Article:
A jar of homemade adobo sauce with a spoon resting inside and garlic cloves and dried chipotles on the side.
Christopher Hirsheimer
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Adobo Sauce

Adobo sauce is best known for being the sweetly earthy sauce that bathes canned chipotle peppers. It’s an authentic and ridiculously versatile Mexican staple that’s easy to DIY. Here’s how to make it at home.
Two tamales on a white plate.
Angie Zoobkoff
2 of 9

Red Chile Pork Tamales

These red chile pork tamales are the real authentic Mexican deal. And they taste as though they were lovingly crafted by the loveliest abuela imaginable, crafted to be slightly spicy with pulled pork. Here’s how to make them at home, step by step.

This is the best tamale recipe. I get compliments and praise from everyone I give them to whenever I make them. The recipe is perfect.

Three blue bowls filled with ancho chile soup on a wooden table.
Weldon Owen
3 of 9

Ancho Chile Soup

This ancho chile soup recipe is made with a chile-spiked broth, queso fresco, avocado, sour cream, and fried tortilla strips.
Two enchiladas de mole poblano on a white plate, topped with thinly sliced white onion.
Eva Kolenko
4 of 9

Enchiladas de Mole Poblano

These enchiladas de mole poblano are an authentic Mexican celebration dish made with tortillas stuffed with tender chicken and smothered in a chocolate and chile mole sauce.
Four ancho pork and potato tacos topped with cubed pork and potatoes, sliced radish, sour cream, and cilantro.
CB Creatives, Inc.
5 of 9

Ancho Pork and Potato Tacos

These ancho pork and potato tacos are a cheater’s way to have tacos on the table in just 45 minutes by relying on spice-rubbed pork chops and tender potatoes wrapped in corn tortillas.

This ancho pork tacos recipe is perfect for Taco Night!

Yvonne Z.
A white bowl filled with New Mexican red pork chili, garnished with red onion and cilantro.
America’s Test Kitchen
6 of 9

New Mexican Red Pork Chili

This New Mexican red pork chili is made in the slow cooker using cubed pork butt, chili powder, broth, chipotle chiles, coffee, raisins, and cilantro. It’s easy, set-it-and-forget-it comfort food.
A large silver spoon holding a scoop of homemade chili powder with some spilled on the side.
7 of 9

Homemade Chili Powder

With this homemade chili powder in your pantry, you’ll never need (or want!) the store-bought stuff again.
An oval bowl filled with braised pork in red chile sauce with a spoon resting on the side and a stack of tortillas and dried peppers on the side.
Eric Wolfinger
8 of 9

Braised Pork in Red Chile Sauce

This braised pork in red chile sauce is made by slowly cooking pork butt in a smoky, spicy homemade ancho chile sauce. You’ll want to have plenty of tortillas on hand to soak up that sauce.

This recipe for braised pork in red chile sauce is too good to be this easy and this versatile! If there were a Nobel Prize for cooking this would be my nomination. Hands down and even after 50+ years of cooking!

Garlic, chile, and cumin roast chicken on a white platter with a serving fork, beside empty plates and glasses of wine.
Angie Mosier
9 of 9

Garlic, Chile, and Cumin Roast Chicken

Rubbed and marinated in a spicy adobo-like sauce of dried chiles, abundant garlic, toasted cumin, and olive oil, this easy roast chicken is packed with flavor. Some of the rub chars a little as the bird roasts, adding another wonderful dimension. The chicken is delicious hot, at room temperature, or cold. You’ll like having leftovers; they are great for sandwiches and tortas.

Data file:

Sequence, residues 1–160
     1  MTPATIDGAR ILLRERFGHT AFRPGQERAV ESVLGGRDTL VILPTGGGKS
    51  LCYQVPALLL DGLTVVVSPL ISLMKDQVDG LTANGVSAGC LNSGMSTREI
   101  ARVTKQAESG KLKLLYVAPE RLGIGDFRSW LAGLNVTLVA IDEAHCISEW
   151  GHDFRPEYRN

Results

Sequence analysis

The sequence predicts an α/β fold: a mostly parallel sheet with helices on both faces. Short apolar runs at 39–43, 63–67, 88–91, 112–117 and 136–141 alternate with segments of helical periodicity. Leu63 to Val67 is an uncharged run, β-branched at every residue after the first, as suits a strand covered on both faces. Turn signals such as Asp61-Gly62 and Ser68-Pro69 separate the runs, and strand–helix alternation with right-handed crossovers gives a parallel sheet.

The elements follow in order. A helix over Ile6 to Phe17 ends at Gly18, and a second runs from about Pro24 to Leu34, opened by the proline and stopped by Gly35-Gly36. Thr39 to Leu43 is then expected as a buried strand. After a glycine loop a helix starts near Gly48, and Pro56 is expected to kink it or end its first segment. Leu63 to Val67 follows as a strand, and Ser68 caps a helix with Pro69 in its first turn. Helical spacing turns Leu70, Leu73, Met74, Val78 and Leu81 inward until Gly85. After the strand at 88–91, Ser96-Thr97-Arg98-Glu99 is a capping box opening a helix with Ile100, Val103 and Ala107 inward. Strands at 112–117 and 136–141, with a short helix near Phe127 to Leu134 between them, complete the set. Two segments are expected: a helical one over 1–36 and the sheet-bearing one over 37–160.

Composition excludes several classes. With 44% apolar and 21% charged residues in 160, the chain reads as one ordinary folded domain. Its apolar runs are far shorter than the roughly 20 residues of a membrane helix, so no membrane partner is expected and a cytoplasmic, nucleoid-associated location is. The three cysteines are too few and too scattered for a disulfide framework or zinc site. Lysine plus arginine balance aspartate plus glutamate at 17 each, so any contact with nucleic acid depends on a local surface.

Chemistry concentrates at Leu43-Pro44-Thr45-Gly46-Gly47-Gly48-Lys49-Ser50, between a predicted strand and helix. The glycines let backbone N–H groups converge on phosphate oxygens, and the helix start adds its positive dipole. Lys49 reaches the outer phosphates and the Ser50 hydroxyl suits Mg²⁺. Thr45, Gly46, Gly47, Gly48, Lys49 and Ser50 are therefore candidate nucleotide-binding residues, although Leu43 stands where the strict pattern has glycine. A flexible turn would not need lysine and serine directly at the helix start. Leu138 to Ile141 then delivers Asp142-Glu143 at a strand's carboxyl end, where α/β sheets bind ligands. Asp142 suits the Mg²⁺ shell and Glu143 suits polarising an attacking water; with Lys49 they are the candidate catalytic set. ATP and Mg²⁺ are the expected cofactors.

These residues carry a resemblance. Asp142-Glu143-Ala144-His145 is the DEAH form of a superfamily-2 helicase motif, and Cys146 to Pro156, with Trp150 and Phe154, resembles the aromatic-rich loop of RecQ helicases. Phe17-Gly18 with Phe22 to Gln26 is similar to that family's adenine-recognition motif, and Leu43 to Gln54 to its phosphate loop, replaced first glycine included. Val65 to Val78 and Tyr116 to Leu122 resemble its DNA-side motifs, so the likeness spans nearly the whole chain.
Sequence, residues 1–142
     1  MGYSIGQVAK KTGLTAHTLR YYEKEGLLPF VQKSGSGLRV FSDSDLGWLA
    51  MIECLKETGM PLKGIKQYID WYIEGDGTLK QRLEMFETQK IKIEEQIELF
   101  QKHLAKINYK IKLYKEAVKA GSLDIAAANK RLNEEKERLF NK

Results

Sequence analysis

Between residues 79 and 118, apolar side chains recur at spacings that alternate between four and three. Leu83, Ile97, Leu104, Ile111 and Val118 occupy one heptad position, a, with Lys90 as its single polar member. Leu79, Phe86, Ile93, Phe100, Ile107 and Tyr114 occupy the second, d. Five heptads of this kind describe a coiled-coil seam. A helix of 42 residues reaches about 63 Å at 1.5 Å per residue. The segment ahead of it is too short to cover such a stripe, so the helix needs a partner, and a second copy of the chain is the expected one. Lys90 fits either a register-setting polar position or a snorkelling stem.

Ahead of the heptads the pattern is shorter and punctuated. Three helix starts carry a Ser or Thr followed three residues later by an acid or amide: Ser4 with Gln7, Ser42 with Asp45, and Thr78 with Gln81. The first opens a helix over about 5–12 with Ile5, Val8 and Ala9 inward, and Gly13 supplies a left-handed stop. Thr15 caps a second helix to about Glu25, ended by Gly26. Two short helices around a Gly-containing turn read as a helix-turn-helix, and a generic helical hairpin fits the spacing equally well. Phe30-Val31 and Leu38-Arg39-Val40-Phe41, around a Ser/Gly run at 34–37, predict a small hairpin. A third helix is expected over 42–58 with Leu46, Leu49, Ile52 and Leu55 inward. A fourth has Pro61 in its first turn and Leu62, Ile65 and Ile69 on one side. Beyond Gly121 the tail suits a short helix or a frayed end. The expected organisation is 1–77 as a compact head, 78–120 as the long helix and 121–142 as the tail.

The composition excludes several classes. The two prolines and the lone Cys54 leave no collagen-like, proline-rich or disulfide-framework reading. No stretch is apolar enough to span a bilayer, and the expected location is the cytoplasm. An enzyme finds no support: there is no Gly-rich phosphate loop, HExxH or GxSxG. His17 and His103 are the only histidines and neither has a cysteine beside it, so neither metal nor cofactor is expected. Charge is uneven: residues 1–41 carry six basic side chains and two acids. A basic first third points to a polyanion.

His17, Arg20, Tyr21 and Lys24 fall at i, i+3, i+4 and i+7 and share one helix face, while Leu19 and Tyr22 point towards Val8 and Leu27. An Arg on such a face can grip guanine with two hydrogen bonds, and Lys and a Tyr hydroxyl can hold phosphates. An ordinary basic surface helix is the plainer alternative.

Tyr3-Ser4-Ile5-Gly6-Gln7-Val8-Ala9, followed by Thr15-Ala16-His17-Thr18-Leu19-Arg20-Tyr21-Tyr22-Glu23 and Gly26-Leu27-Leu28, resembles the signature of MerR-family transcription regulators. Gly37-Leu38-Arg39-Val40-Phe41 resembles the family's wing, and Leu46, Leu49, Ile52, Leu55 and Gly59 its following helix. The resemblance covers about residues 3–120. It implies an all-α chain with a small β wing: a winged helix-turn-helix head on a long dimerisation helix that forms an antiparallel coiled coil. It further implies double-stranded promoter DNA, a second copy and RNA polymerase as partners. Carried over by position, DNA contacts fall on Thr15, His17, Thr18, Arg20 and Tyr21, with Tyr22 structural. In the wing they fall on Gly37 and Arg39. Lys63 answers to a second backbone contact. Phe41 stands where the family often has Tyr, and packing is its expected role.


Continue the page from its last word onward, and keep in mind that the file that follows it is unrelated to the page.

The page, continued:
Dried Chiles FAQs

How long can I store dried chiles?

If stored properly in a cool, dark, dry place, dried whole chiles will stay fresh for up to 2 years. If you live in a dry climate, store the chiles in a lidded jar or sealed container away from sunlight. For warm, humid climates, stash your chiles in the freezer.

Always inspect the peppers before using them. They should have some flexibility and a light fragrance. If they look moldy or are very brittle, toss them and buy a new batch.

How do you toast dried chiles?

Many recipes with dried chiles require you to toast them before using. This helps to enhance the flavor of the peppers. There are a couple of simple options for toasting dried chiles.

For the stovetop method, heat a cast iron skillet over medium-high until hot. Add the chiles and let them toast just until they become fragrant and begin to soften, about 30 seconds per side. Use tongs to transfer them to a plate to cool. Note that if you are sensitive to spice, you will want to have your stove fan on.

Alternatively, you can toast dried chiles on a baking sheet in the oven. Arrange them in a single layer on the baking sheet and roast in a 350°F oven until they smell fragrant, about 5 minutes. This is an excellent option if you’re toasting many peppers at once.

About David Leite

I count myself lucky to have received three James Beard Awards for my writing as well as for Leite’s Culinaria. My work has also appeared in The New York Times, Martha Stewart Living, Saveur, Bon Appétit, Gourmet, Food & Wine, Yankee, Los Angeles Times, Chicago Tribune, The Washington Post, and more.

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  1. Thank YOU! I have been waiting for someone to guide me on how to use dried chilies. I love them when I eat out and really want to use them at home also. I live in California and I have access to many different kinds of dried whole chilies and ground chilies. The thrill of making my own chili powder is huge and I can’t wait to make the pork red chili dish and the tacos, well, don’t get me started.
    You have a really wonderful blog and I really enjoy all the emails I get with your recipes or the picks you offer from your chef friends.

    1. Thank you so much, Judith. We look forward to hearing the results as you try these recipes.